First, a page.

' ' Cinema Romantico: Andre the Giant

Tuesday, July 03, 2018

Andre the Giant

Throughout HBO’s original documentary “Andre the Giant”, the one person we never hear from is Andre the Giant himself – that is, Andre Roussimoff, the professional wrestling superstar. That, of course, is because Roussimoff, 7’4 and suffering from acromegaly, died tragically at the age of 43. I mean, we do hear from him, in old interviews as well as in the myriad recorded spots he did for the WWF (World Wrestling Federation), but these are all filtered through the gaze of time or, in the case of the latter, deliberate theatrical fabrication. As such, Roussimoff himself remains sort of shrouded in myth, as he generally was throughout his life, very much present and real yet still somehow towering over anyone, seen, heard, even touched, but somehow still out of view. A stock photo in the early-going captures it best, of a young child standing down here Andre the Giant’s ankles, looking up in awe with a smile that can’t quite believe what he’s seeing. Imagine, the doc seems to be saying with this clip, that everyone looked at you like that all the time.

“Andre the Giant” spends minimal time on Roussimoff’s childhood, more or less reducing it to siblings’ bewilderment when, as a teenager, their brother just kept growing. I kept yearning for a glimpse at Roussimoff’s diary, literally or theoretically, to have some grasp about how someone feels at that tender age when his body is going through changes no one can quite process. Still, in its own way this dearth of pre-mythology is sort of beneficial to director Jason Hehir’s tone, reminiscent of the opening minutes of “Man on Wire” where tightrope walker extraordinaire Philippe Petit just sort of brushes past those being-brought-up details by re-calibrating his own childhood as a kind of origin story. For Roussimoff, it all really began when he began growing.

As Hehir makes clear, the rise of Andre the Giant and nascent professional wrestling itself were intertwined. To novices like me who really only know the sport through the sleazy braggadocio of its overseer, Vince McMahon, it is interesting to note that pro wrestling came up like so many American athletic enterprises – that is, as a regional entity first before eventually going national. And in showing how Andre the Giant spent time across the whole swath of provincial wrestling leagues, his rise is not only tied to the sport’s ultimate unification under a massive umbrella but shown to essentially be the catalyst. At Wrestlemania III, in the Main Event, Andre the Giant retained the power to put, so to speak, the now-famous mustachioed Hulk Hogan over the top. Roussimoff did, though Hogan suggests he was made to sweat it out behind the scenes, which was proof of both Andre the Giant’s edgy playfulness and big heart.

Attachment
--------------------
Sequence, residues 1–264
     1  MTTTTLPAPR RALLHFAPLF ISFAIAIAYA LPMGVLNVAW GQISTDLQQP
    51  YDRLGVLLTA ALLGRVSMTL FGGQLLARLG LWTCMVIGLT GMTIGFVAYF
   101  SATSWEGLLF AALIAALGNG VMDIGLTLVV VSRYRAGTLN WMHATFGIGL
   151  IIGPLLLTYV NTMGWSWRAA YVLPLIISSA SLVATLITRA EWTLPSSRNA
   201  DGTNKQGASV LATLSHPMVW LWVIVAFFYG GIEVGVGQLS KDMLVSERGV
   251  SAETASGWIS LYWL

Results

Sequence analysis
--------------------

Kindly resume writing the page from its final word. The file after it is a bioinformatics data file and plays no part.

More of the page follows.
Both those details emerge best in multiple talking heads simply regaling us with Andre the Giant stories, whether demonstrating how the unthinkable size of Roussimoff’s hands could dwarf a whole human being’s head or ruminate at length on the impressive amount of alcohol he was able to imbibe in a single setting. After so many of these stories, however, the tone turns more melancholy as those same talking heads note how his alcohol intake was obviously the signal of deeper emotional trouble and how the size of his hands connoted his overall otherworldly size that rendered acts the rest of us take for granted, like riding in a car or flying in an airplane, as agony. (An archival photo of his sitting in a cramped airplane seat, drenched in sweat, is a swift evocation of his everyday hardship.) The former directly informed the latter, and the documentary lets that take shape bit by bit until, like everyone interviewed, you feel as if it’s too late to stop the slide.

Early in the film we hear Roussimoff voice his desire “to be somebody.” In a certain context that age-old line imbues sadness about one who really is, though in Andre the Giant’s case that desire seemed less an active choice than a conscription by fate. There is another old adage, one proffering that you can do anything you put your mind to, and maybe Roussimoff could have, because as the documentary points out he was well ahead of the curve in seeing what marrying sports and entertainment could elicit. But it’s hard to look at Andre the Giant and not think his body just sort of decided for him.

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